Will The U.S. Ever Build A Strategic Metals Reserve?

Added October 1st, 2011 by Anthony David

In late August, Michael N. Silver, president and chairman of the board of American Elements—a company that manufactures engineered and advanced materials—suggested that the United States should build a Strategic Metals Reserve (SMR) in an effort to protect its manufacturing and defense interests in case of an embargo by any nation, especially China. He pointed out that earlier this year China had already used its strategic position in the rare earths market against Japan.

Silver said that Congress should structure the U.S. SMR along the lines of the U.S. Strategic Petroleum Reserve (SPR). The SPR was set up in 1975 in response to the 1973–74 oil embargo.

He said, “These metals are very precious to the health of our nation. So precious that U.S. manufacturing would grind to a halt within months if cut off. The SMR is exactly the type of action the federal government should take to assure our long term competitiveness. In manufacturing, the nation that has the raw materials, wins.”

Silver pointed out that the cost of key strategic metals has increased by 25 times over the last year. He said, “Two years ago neodymium metal sold for $35–45 per pound. Today it is $900 per pound and climbing. All rare earth metals have risen similarly. Had America created a reserve 48 months ago, we would have experienced a windfall of epic proportions.”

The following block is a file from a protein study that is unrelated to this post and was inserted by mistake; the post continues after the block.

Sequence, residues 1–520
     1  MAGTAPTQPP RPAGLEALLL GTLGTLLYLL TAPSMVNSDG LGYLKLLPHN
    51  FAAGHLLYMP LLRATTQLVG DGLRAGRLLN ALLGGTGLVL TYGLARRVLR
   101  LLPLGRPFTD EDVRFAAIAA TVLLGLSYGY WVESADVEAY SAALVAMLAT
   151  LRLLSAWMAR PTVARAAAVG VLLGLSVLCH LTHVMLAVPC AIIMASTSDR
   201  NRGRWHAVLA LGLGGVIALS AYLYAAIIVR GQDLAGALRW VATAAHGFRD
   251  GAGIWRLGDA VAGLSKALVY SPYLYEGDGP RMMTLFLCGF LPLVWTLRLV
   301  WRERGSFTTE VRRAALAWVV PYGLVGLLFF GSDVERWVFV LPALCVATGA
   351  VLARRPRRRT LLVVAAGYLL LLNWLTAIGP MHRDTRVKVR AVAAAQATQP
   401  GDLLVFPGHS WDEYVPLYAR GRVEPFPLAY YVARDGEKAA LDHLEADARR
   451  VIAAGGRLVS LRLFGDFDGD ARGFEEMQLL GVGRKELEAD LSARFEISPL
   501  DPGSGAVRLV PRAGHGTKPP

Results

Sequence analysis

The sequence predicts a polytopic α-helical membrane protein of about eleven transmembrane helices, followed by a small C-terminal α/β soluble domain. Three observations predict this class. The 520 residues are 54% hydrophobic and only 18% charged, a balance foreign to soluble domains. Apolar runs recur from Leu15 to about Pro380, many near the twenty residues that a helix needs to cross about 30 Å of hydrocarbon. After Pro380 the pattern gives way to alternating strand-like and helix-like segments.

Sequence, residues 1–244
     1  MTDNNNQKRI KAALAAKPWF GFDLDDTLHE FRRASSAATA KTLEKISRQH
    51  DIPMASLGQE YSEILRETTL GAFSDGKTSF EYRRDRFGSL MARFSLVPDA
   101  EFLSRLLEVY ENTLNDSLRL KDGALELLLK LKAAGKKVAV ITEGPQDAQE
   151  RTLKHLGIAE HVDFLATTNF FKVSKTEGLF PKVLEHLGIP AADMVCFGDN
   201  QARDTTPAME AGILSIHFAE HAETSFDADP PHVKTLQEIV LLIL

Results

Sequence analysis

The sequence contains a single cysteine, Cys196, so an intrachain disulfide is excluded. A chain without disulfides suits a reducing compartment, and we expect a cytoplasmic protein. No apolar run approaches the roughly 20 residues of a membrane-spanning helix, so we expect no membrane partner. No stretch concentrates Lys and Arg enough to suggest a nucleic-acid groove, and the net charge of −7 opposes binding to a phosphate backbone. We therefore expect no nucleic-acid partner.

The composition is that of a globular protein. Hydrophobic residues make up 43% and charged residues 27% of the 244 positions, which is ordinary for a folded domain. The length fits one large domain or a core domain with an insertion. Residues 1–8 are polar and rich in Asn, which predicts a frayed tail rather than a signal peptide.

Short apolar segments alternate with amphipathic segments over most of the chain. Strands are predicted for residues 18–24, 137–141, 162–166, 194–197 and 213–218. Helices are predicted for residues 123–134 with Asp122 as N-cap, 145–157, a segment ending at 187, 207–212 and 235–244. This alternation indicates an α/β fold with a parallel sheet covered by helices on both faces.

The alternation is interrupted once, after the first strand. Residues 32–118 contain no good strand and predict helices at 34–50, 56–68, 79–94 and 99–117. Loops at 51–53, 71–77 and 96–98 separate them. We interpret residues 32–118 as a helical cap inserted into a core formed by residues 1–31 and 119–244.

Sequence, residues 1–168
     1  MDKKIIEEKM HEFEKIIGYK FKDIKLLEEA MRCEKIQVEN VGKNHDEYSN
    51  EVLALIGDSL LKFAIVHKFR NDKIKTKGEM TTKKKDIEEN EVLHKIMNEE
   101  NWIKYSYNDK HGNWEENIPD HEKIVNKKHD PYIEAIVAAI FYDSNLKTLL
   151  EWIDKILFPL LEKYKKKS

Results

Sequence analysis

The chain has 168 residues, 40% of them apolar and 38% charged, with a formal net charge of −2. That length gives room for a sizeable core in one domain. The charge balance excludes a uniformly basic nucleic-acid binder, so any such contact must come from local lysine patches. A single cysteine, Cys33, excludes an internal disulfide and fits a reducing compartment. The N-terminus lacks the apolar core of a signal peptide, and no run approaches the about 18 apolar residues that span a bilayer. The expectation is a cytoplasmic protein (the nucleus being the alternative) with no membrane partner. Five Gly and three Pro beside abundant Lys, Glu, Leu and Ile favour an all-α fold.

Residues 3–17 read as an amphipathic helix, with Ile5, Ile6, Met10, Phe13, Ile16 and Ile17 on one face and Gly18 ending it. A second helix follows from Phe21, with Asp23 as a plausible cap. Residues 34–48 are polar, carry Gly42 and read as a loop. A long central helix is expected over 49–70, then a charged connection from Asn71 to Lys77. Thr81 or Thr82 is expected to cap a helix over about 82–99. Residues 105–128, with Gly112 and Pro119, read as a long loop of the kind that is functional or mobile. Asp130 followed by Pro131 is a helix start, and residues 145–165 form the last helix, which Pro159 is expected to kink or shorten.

He said that should the SMR be created, the U.S. would not be the first country to do so. China, which controls 97% of the rare earths market, reportedly built a reserve of over 100,000 tons beginning last year. The EU, Japan, South Korea and UK are all laying out plans to build strategic reserves. In fact the EU has already begun building its reserves by sourcing rare earths from countries other than China.

On June 24, 2011, President Barack Obama launched the Advanced Manufacturing Partnership (AMP), which is a consolidated effort to bring together universities, the federal government and industry to invest in emerging technologies that will help create high quality manufacturing jobs. Silver suggests that a part of the $100 million planned to be used to “develop and deploy advanced materials” should be set aside to fund a study group that will explore the feasibility of an SMR.

Meanwhile, university and business partners have joined federal agencies and taken concrete steps to enhance the nation’s advanced manufacturing sector. Plans for 2012 have already been laid. Stanford University is one of the six universities selected to be part of the AMP. Universities have been included in the partnership so that they can cultivate an environment that promotes innovation and produce skilled workers and tools required to transform the manufacturing sector.

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